Krabi Town rests on the banks of the Krabi River and, despite its collection of cafes, trinket stalls and hotels, has managed to retain its ambience as a traditional fishing port. With its own airport, the town acts as a transport hub, supplying boat trips, snorkeling tours and diving expeditions. Overlooking the town is Khao Khanap Nam, a pair of hills that rear above the water like two sharks.
Most of Krabi’s hills and islands are honeycombed with caves and tunnels, many of which are decorated with paintings. Most of the sites you can visit are painted with red-and-black stick figures, crocodiles and lobsters. Reliably dated back to Neolithic times, they show how these communities documented their daily lives. Other caves have more elaborate artwork depicting Chinese sailing ships and longtail boats, which are considered a few hundred years old.
The best way to see the paintings is on a guided canoeing tour, where you can paddle from island to island. To reach most sites (many of which are now protected), you navigate coastal mangrove forests and float through winding cave tunnels. As well as the paintings, many caves have twisting formations of stalagmites and stalactites.
Many of the other islands also warrant exploration, which you can do by traditional longtail boat on a private tour. Koh Kai (Chicken Island) is named after its poultry-shaped rock formation and, at low tide, you can wander along a sandbar to nearby Tub Island. A curve of healthy coral lies off the island’s west coast, where you’ll often see shoals of striped angelfish and sandbanks studded with starfish.
For some of the best snorkeling and diving, travel farther south to the Phi Phi National Marine Park, particularly Ko Phi-Phi Leh island. Here, you can swim in crystal-clear water under the gaze of sheer limestone cliffs.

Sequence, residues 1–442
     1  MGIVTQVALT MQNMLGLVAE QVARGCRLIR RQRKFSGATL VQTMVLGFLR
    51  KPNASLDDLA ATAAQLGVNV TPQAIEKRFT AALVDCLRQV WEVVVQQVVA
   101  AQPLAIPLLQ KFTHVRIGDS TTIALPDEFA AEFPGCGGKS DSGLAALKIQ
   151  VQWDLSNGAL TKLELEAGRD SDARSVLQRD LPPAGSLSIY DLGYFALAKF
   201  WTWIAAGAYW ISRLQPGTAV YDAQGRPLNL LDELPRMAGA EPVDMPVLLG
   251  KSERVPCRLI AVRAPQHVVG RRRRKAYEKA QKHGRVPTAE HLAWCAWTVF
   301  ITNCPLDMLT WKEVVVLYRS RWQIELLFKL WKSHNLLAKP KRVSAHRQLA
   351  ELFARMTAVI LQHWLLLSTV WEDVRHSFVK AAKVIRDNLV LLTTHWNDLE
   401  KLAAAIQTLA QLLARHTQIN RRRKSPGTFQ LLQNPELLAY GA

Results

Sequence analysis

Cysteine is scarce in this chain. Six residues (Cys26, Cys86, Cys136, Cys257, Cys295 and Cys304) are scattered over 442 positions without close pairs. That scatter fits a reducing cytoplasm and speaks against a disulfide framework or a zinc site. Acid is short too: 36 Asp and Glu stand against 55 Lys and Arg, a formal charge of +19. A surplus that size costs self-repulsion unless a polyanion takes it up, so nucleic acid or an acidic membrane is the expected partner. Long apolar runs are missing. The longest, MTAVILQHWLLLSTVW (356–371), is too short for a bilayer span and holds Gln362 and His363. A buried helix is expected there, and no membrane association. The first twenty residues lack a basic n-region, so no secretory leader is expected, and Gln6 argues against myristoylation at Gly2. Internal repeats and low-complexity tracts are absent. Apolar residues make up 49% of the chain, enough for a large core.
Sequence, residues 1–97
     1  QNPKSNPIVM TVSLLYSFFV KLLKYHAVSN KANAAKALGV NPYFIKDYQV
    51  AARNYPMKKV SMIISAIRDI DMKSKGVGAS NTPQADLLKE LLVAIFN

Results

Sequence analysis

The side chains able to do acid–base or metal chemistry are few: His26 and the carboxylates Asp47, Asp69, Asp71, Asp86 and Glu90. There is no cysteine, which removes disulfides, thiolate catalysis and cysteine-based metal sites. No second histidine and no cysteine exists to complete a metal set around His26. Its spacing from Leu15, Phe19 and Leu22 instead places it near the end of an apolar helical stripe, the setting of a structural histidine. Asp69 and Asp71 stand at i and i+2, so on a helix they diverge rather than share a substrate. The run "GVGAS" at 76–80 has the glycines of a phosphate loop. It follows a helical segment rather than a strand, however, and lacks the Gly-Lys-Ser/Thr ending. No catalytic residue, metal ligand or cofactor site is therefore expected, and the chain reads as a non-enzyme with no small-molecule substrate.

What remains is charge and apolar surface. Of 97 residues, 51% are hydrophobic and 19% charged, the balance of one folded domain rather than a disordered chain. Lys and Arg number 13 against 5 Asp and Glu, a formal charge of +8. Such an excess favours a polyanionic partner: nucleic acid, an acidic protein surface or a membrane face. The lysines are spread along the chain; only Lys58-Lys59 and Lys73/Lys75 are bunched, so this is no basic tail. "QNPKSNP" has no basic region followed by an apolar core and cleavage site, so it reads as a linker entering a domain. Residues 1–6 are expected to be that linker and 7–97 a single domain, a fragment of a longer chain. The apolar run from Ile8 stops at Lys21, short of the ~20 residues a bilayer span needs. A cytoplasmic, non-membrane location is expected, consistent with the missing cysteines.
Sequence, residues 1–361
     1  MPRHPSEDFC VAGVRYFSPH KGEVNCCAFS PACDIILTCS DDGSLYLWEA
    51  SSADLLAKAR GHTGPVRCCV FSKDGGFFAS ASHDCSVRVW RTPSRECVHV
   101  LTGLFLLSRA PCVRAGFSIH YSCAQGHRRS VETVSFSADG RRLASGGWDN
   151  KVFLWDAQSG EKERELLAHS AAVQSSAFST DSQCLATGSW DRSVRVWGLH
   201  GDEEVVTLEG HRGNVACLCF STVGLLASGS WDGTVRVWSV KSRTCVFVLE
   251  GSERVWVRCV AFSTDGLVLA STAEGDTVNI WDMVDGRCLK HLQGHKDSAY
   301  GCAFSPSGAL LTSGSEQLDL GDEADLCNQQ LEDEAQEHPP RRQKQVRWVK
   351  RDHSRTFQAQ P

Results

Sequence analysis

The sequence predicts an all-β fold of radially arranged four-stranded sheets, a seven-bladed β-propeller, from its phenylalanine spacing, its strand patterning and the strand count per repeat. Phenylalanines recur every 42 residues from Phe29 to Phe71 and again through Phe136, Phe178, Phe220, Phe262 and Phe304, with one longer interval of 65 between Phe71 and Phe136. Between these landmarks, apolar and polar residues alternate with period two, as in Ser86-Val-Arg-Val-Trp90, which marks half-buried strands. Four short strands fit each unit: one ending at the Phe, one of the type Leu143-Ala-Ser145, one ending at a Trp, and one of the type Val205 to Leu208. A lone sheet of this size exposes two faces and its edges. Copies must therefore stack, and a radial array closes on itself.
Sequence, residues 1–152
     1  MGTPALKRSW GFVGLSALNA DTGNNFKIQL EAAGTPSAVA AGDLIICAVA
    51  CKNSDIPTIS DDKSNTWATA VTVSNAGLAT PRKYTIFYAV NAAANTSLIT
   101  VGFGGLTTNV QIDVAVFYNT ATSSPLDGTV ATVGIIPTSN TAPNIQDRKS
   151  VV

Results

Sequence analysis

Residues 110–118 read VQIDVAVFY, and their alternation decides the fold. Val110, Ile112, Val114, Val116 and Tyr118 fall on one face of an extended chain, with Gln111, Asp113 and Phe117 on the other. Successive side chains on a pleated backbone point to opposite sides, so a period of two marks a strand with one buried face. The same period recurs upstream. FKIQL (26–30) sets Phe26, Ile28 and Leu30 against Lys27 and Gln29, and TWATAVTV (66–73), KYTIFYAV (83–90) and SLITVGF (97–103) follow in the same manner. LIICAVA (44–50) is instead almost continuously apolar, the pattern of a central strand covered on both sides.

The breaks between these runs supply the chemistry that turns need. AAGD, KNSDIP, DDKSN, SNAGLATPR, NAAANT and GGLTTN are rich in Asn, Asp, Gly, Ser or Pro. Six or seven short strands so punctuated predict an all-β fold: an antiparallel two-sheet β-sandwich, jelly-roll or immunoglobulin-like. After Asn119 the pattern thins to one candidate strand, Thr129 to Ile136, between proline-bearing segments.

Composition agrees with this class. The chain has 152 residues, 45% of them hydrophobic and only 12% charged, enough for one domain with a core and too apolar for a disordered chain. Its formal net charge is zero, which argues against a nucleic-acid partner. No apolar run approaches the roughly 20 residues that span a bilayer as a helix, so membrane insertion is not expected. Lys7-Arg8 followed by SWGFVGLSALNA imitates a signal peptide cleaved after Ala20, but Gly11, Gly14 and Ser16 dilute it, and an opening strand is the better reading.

For something more active, Krabi is one of the best places in Thailand for rock climbing, with a range of routes from beginner’s level to the more advanced. Take a guided lesson at Railay Beach and you can try rappelling, abseiling and top-rope climbing — all with views across the Andaman Sea.
From Krabi, you can visit Phang Nga Bay for the day, a sweeping collection of forested wetlands, coral reefs, mangroves (the largest in Thailand) and limestone islands that poke out of the sea like giant teeth.
Much of the bay falls within Ao Phang Nga National Park and has stayed free from development. You will see the occasional stilted fishing village — good places to stop for a freshly grilled seafood lunch.
Some areas of the bay can get busy, so it pays off to take a private boat tour out to the lesser-visited regions (of which there are many). Cruising between the vertical limestone cliffs, you can stop to venture into the water, seek out hidden lagoons or stroll along the secluded coves. Many boats come equipped with kayaks for you to use to explore caves or the coastal mangrove forests.
Krabi enjoys a year-round warm, tropical climate. January to March tends to be the driest season with calm seas and moderate temperatures — although this is also the busiest. Late March to April can be occasionally a little cloudy but much quieter. Rainy season is from May to October, although if you’re prepared for a few showers and cooler temperatures, hotels are very good value and the beaches peaceful.